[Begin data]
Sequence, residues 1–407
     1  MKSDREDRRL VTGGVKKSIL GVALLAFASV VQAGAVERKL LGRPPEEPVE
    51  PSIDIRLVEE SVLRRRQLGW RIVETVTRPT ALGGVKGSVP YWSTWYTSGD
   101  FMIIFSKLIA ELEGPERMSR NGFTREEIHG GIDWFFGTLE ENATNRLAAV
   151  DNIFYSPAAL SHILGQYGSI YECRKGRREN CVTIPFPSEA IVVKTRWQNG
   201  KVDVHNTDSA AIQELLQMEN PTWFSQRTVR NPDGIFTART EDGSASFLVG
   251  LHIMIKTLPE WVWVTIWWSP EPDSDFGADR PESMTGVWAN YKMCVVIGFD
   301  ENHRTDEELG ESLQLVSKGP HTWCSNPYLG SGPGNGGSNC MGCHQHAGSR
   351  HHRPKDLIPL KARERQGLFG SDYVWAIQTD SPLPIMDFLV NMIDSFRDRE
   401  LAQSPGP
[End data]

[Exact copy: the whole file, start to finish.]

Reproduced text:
Sequence, residues 1–407
     1  MKSDREDRRL VTGGVKKSIL GVALLAFASV VQAGAVERKL LGRPPEEPVE
    51  PSIDIRLVEE SVLRRRQLGW RIVETVTRPT ALGGVKGSVP YWSTWYTSGD
   101  FMIIFSKLIA ELEGPERMSR NGFTREEIHG GIDWFFGTLE ENATNRLAAV
   151  DNIFYSPAAL SHILGQYGSI YECRKGRREN CVTIPFPSEA IVVKTRWQNG
   201  KVDVHNTDSA AIQELLQMEN PTWFSQRTVR NPDGIFTART EDGSASFLVG
   251  LHIMIKTLPE WVWVTIWWSP EPDSDFGADR PESMTGVWAN YKMCVVIGFD
   301  ENHRTDEELG ESLQLVSKGP HTWCSNPYLG SGPGNGGSNC MGCHQHAGSR
   351  HHRPKDLIPL KARERQGLFG SDYVWAIQTD SPLPIMDFLV NMIDSFRDRE
   401  LAQSPGP